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Computers have been assisting humans in design of artifacts for several years now, such as design of aircraft or design of Integrated Circuits. We demonstrate one such tool that can assist engineers to build standard cells on-the-fly customized to criteria specified by them. We use genetic algorithms to guide the computer. This starts with an engineer providing the desired output signals. The computer program then randomly generates say 10,000 possible design configurations. Good designs are then Selected from this population of designs (priority given to designs that bettter meet the engineers' output requirement). Hybrid designs are developed using genetic operators.
Heres where it gets interesting. Unlike most traditional computer programs, the genetic algorithm create a hybrid design by a "Crossover" of two good "Parent" designs (creating, hopefully, a better design) or random "Mutations" of good designs. These genetic operators are used on the initial population of 10,000 designs to create a second population of another (say) 10,000 designs. What happens when you do this 1000s of times? Do you arrive at the "perfect" (optimized) design? Thats what this work is about.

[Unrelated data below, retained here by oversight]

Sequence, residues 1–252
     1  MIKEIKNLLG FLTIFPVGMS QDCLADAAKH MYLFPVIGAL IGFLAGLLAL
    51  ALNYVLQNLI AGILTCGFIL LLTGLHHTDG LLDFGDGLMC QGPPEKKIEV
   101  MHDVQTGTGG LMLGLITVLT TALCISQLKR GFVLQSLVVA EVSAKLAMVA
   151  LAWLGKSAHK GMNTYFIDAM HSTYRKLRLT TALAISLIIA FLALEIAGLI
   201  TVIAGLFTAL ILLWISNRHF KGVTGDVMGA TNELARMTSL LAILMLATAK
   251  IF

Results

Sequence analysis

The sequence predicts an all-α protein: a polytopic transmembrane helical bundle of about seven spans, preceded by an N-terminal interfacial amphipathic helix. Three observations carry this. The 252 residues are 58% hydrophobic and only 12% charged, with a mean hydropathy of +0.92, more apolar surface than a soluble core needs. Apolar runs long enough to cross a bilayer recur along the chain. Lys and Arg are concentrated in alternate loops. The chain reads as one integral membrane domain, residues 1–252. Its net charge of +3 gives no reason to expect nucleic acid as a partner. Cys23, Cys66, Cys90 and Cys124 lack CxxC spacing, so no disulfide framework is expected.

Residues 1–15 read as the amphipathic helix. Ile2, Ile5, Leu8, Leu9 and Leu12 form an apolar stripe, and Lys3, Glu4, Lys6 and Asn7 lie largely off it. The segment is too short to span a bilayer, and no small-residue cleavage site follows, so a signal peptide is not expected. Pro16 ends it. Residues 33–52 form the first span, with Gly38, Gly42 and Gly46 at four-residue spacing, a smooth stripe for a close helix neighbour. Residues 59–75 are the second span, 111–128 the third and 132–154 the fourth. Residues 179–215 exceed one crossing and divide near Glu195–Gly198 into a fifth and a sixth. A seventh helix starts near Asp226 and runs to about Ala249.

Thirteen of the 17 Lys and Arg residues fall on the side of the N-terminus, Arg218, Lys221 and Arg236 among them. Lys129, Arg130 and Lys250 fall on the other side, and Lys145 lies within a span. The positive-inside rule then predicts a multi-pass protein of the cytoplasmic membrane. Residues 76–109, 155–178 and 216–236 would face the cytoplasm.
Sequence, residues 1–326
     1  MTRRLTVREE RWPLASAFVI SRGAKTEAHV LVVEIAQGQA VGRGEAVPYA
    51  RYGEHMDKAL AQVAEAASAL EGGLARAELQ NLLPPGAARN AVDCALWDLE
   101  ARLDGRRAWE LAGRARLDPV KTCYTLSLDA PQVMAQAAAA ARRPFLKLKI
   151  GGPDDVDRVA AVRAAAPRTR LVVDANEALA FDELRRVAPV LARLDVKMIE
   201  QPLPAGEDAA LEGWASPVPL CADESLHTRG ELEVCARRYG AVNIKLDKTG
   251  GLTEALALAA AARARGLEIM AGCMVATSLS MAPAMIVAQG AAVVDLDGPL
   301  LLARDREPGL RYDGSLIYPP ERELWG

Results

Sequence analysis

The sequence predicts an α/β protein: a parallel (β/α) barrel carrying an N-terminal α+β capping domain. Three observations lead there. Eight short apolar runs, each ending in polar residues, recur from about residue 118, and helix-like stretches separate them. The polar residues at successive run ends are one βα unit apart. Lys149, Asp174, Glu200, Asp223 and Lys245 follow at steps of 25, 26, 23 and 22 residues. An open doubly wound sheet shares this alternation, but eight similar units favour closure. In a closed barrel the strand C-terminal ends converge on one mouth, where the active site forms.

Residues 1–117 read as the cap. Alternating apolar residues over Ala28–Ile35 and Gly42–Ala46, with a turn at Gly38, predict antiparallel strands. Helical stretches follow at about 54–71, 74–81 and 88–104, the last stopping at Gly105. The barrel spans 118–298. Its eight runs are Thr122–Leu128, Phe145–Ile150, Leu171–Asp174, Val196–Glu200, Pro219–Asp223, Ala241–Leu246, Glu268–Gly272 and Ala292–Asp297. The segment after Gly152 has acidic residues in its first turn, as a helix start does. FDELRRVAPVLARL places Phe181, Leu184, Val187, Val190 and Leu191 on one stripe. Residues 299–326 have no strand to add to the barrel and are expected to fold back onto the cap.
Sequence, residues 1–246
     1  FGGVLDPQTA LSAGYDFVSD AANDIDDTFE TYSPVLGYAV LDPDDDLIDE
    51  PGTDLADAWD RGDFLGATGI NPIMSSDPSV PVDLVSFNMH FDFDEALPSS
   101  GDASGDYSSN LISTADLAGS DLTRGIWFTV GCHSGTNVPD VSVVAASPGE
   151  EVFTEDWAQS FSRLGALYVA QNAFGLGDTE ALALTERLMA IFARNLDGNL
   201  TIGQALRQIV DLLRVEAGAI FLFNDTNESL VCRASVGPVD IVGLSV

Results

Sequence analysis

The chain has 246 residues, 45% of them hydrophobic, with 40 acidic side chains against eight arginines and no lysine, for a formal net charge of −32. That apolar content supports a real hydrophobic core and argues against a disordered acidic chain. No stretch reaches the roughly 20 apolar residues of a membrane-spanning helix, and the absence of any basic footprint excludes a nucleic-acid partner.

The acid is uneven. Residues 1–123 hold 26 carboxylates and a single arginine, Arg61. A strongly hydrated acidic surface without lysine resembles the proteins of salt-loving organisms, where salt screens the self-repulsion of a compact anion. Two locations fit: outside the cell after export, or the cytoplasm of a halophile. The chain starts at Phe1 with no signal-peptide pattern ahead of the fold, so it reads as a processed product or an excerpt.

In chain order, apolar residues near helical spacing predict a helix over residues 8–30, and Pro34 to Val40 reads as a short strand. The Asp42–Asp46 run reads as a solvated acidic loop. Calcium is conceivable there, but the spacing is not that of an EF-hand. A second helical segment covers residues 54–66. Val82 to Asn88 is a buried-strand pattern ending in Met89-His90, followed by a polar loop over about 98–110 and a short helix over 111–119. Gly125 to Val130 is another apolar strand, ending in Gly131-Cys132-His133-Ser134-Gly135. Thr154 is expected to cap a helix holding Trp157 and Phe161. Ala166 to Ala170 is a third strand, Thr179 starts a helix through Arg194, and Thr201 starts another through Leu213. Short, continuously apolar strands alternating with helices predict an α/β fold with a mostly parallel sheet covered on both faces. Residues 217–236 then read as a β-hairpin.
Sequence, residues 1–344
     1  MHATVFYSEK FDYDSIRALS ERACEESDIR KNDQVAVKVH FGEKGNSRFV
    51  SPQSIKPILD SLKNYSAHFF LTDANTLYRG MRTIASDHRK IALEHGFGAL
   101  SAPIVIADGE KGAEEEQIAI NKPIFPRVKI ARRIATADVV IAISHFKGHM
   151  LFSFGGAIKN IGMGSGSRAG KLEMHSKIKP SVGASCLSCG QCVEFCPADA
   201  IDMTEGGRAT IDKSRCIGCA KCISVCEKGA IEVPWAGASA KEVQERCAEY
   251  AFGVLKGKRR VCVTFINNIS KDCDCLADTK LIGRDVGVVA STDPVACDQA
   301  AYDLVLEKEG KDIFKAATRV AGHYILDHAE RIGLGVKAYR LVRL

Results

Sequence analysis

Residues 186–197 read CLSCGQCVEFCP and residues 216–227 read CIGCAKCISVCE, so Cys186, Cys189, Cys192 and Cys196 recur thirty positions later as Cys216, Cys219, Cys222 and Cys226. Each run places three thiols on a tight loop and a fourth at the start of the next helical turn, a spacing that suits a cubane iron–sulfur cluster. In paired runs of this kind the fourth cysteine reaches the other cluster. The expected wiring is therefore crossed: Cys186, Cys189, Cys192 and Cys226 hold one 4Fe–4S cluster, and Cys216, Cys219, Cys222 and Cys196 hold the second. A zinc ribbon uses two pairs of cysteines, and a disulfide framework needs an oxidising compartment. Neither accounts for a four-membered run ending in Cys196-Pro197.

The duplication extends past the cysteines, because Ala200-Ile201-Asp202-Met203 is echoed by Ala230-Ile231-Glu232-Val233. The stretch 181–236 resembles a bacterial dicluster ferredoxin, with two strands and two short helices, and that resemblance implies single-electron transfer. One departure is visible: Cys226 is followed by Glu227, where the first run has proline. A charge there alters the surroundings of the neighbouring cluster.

This work at the AI CENTER & DEPT. OF COMPUTER SCIENCE & UNI OF GEORGIA in 2001 demonstrated designs an Inverter Standard Cell on-the-fly. It was sponsored by a YAMACRAW grant from the STATE OF GEORGIA, UNITED STATES.
The problem of designing the transistor-level layout of cells in a standard cell library is a multi-objective design optimization problem. Contemporary methods are optimization or compaction engines that rely on a schematic representation
supplied by a design engineer. We have demonstrated the possibility of applying
a modified genetic algorithm (GADO) to design a cell given only a behavioral description. A working inverter is designed as a proof of concept along with other inverters with arbitrary label placements. This is an example of design without
human intervention, i.e. a computer design as opposed to a computer-aided design.